Article
Publication date: 28 May 2020

M. Ángeles López-Cabarcos, Suresh Srinivasan and Paula Vázquez-Rodríguez

By fusing knowledge-based theory, organizational learning theory and dynamics capability theory, this study aims to explore, on the one hand, the linkage between…

Abstract

Purpose

By fusing knowledge-based theory, organizational learning theory and dynamics capability theory, this study aims to explore, on the one hand, the linkage between exploration, sensing and tacit knowledge, and on the other hand, exploitation, seizing and explicit knowledge. Thereby, it argues that not only tacit knowledge but also explicit knowledge contributes to competitive advantage for firms. This study also investigates how knowledge transforms into profitability.

Design/methodology/approach

The conceptual model is tested with a study sample of 153 industrial organizations using structural equation modelling.

Findings

Results confirm the importance of both tacit and explicit knowledge for achieving sustainable competitive advantages. Furthermore, both tacit and explicit knowledge transform into profitability, both directly and through product innovation and customer centricity which play partial mediating roles.

Practical implications

Explicit knowledge strategies can be easier to manage, implement and institutionalize than tacit knowledge strategies, which require human component and intervention to succeed. Managers should hence first implement explicit knowledge strategies to gain expeditious results. Further, with the advent of digital technologies and algorithms that can extract deep customer insights and organizational experiences which are highly tacit in nature and codifying the same into explicit knowledge, the importance of explicit knowledge is further enlarged.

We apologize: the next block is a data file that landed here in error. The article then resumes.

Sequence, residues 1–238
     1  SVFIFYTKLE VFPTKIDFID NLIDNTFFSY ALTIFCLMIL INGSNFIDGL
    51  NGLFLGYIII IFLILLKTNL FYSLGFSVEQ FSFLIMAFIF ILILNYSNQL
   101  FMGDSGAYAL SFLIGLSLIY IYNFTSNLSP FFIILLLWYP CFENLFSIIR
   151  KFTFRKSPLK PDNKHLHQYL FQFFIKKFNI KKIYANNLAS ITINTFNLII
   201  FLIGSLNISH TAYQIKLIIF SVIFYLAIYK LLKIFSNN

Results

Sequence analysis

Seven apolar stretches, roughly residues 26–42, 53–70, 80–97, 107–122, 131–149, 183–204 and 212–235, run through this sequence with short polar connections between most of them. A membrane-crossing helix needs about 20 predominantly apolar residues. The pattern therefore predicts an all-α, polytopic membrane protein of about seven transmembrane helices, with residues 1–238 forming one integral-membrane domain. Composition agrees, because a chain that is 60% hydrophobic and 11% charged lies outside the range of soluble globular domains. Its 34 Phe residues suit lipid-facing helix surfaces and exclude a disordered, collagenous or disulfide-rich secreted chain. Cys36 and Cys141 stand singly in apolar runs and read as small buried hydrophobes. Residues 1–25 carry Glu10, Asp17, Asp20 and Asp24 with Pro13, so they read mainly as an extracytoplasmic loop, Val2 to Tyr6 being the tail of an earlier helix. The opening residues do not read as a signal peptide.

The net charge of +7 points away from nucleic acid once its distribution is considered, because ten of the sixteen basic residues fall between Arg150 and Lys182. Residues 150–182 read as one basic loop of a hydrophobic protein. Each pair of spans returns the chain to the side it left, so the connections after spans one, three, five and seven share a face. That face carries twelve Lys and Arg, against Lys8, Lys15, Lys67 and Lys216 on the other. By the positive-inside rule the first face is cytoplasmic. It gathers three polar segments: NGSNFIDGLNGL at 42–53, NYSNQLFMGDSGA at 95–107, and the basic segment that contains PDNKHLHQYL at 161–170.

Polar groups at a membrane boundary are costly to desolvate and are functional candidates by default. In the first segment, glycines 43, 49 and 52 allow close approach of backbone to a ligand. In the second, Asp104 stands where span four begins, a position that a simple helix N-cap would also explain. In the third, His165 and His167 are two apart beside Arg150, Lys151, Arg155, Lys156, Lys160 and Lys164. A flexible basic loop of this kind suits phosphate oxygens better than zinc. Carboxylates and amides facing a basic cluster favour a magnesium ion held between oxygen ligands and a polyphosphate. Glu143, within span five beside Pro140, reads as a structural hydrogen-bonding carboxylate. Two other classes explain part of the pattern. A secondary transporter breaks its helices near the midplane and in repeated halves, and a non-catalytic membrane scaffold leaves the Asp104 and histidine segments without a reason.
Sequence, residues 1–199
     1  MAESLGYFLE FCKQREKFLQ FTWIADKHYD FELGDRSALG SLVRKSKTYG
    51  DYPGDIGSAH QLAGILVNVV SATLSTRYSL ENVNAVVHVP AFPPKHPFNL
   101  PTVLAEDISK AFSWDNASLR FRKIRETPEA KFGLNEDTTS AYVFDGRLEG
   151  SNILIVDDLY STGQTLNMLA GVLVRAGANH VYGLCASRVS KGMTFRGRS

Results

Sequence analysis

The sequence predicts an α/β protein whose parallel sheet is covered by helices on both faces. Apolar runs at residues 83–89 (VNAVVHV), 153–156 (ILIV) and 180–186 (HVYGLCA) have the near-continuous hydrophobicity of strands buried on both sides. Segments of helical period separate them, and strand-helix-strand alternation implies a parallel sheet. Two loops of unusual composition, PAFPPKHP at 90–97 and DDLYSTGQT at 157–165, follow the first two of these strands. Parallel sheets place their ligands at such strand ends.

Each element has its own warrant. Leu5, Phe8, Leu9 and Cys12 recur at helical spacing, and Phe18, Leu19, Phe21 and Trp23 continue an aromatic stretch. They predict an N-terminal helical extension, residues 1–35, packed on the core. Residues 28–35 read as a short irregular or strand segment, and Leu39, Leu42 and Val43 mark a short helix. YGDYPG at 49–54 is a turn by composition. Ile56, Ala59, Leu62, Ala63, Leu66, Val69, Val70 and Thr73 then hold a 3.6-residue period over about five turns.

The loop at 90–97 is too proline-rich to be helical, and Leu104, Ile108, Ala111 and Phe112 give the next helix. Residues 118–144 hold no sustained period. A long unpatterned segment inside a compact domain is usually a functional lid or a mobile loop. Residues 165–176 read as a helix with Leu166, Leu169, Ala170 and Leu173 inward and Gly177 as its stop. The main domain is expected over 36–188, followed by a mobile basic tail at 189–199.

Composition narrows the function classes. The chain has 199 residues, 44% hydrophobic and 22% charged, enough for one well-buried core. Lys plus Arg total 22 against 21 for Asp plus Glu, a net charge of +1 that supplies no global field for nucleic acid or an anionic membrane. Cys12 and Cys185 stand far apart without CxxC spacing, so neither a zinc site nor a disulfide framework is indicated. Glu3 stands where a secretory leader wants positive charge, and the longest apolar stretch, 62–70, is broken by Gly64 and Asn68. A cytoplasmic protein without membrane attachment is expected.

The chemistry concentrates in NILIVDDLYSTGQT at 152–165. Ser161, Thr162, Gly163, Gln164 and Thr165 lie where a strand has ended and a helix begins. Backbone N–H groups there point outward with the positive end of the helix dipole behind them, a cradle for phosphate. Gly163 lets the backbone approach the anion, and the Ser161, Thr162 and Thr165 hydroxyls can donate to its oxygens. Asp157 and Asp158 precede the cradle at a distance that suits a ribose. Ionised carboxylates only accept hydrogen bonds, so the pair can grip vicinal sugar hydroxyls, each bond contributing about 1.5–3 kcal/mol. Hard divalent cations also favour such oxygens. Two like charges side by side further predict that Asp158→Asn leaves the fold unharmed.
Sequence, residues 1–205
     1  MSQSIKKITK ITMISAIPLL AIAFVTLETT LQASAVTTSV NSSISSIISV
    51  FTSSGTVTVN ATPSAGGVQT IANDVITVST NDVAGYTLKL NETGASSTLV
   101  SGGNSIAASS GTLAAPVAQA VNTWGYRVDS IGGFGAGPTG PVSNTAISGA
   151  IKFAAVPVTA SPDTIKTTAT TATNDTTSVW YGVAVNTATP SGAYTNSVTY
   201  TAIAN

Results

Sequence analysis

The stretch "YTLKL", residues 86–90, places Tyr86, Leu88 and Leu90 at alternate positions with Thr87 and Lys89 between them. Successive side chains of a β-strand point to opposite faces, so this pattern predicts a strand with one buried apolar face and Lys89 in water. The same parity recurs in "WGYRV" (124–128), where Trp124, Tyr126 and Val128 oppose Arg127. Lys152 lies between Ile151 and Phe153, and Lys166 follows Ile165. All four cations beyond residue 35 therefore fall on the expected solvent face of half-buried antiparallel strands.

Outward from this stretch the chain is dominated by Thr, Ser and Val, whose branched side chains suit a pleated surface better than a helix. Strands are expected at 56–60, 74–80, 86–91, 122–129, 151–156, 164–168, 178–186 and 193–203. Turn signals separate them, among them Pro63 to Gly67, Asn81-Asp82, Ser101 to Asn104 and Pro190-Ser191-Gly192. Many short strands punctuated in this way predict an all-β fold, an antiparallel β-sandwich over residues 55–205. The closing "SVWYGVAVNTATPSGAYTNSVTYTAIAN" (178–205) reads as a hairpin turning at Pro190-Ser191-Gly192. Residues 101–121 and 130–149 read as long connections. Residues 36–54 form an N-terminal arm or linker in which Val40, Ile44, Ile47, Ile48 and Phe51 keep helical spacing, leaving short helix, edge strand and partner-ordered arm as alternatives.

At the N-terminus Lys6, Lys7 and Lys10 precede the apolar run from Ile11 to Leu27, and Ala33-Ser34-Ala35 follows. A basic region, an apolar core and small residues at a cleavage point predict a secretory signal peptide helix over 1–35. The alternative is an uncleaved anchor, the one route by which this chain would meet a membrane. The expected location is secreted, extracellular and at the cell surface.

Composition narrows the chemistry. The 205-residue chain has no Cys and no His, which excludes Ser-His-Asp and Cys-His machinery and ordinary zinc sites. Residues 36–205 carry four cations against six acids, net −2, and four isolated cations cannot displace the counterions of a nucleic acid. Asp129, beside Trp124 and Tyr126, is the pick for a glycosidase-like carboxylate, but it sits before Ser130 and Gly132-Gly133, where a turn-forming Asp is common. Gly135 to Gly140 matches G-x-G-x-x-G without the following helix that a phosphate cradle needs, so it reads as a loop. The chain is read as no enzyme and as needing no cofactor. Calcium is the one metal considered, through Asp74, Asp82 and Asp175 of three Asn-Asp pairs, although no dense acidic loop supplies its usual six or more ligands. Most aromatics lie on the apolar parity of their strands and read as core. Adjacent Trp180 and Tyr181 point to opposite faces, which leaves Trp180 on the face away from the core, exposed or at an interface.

Originality/value

By fusing three adjacent theories to establish a robust model specification, this study is able to demonstrate the contribution of explicit knowledge in the firm’s competitive advantages.

Details

Journal of Knowledge Management, vol. 24 no. 5
Type: Research Article
ISSN: 1367-3270

Keywords

To view the access options for this content please click here
Book part
Publication date: 4 May 2021

Sapna Popli and Bikramjit Rishi

This chapter brings all the key points from each of the earlier chapters together towards a framework for crafting and executing an effective customer experience (CX…

Abstract

This chapter brings all the key points from each of the earlier chapters together towards a framework for crafting and executing an effective customer experience (CX) strategy. We go back to the ‘how of customer experience management (CEM)’ discussed in the first chapter and connect the dots for the readers through the process and include the common roadblocks and challenges that come in the way to achieve CX results. In this chapter we also link up customer experience to the big ideas of customer centricity and customer engagement. Finally, we discuss the future of customer experience and how CXM/CEM continued to evolve during the COVID-19 pandemic.

To view the access options for this content please click here
Article
Publication date: 26 June 2020

Jagdish Sheth, Varsha Jain and Anupama Ambika

This paper aims to analyze the present status of customer support services (CSS) and advocate the re-positioning of support services from an administrative cost center to…